Shuttleworth made the announcement at the Ubuntu Developer Summit and just a few days after a Forrester analyst stated that Linux's plans for world domination, outside the server space, have been canceled. However, Canonical thinks that it can bring its Linux flavor to all personal computing form factors.
"An application for Ubuntu in the future will have multiple personalities. When it is running on a desktop computer, it will have a different personality from when it is running on a tablet," Shuttleworth said. "From a developer point of view, there will be a phenomenal amount of coherency and reuse of the core capabilities on the application."
Of course, Ubuntu will face at least the same number of challenges everyone else does - challenges that caused webOS to crash and burn; challenges that are preventing Windows Phone to gain traction; and challenges that force Blackberry down in market share. The mobile OS market has become a platform game, which Ubuntu can play if it can successfully rally developers who have the passion to create applications. According to Shuttleworth, Ubuntu's advantage would be a unified code base. He also argued that the Unity interface would deliver a similar look and feel across several platforms.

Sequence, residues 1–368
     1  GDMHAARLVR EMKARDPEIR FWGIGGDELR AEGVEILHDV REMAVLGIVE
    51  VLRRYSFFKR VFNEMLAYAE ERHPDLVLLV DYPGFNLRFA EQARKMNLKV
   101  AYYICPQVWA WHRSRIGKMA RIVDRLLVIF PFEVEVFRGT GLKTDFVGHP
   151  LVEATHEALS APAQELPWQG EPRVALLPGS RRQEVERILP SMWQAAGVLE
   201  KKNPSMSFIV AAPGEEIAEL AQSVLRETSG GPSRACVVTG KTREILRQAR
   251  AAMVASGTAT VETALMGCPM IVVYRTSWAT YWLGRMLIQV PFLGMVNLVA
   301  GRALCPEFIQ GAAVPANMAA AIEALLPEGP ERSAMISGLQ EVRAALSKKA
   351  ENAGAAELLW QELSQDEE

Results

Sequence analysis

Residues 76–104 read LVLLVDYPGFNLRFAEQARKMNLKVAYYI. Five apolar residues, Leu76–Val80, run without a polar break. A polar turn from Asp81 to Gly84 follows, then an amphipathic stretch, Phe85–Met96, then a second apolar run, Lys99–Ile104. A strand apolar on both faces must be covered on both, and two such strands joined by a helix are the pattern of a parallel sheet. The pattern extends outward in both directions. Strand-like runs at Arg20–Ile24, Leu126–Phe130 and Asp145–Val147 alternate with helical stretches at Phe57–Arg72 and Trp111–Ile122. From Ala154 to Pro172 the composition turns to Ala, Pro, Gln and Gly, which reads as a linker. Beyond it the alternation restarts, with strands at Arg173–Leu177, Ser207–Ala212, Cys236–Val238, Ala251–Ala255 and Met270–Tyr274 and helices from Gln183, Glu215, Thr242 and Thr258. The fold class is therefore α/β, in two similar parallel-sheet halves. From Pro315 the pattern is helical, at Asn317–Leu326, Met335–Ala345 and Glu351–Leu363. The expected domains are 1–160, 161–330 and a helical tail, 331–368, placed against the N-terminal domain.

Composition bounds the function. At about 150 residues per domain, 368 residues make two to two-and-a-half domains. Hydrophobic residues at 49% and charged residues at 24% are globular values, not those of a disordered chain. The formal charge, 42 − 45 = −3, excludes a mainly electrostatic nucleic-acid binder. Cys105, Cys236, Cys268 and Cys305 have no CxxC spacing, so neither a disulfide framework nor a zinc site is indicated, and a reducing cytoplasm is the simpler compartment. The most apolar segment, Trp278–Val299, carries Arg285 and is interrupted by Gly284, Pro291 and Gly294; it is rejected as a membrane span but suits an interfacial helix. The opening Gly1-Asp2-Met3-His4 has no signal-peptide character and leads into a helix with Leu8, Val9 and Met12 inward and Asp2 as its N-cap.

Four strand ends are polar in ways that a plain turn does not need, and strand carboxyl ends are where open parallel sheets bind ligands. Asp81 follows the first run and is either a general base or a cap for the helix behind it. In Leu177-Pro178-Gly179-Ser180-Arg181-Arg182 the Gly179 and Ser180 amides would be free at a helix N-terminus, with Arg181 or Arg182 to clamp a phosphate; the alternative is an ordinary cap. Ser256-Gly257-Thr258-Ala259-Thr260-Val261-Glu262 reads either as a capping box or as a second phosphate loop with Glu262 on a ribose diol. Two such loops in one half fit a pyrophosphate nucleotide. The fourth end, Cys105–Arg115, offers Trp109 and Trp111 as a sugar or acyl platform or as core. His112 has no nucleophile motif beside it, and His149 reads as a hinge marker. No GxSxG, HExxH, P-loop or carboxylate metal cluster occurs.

Canonical's biggest hurdle may not so much be technology, however. It may be the idea for something unique and special - something that is at least as good as Android, yet different enough to have its own appeal.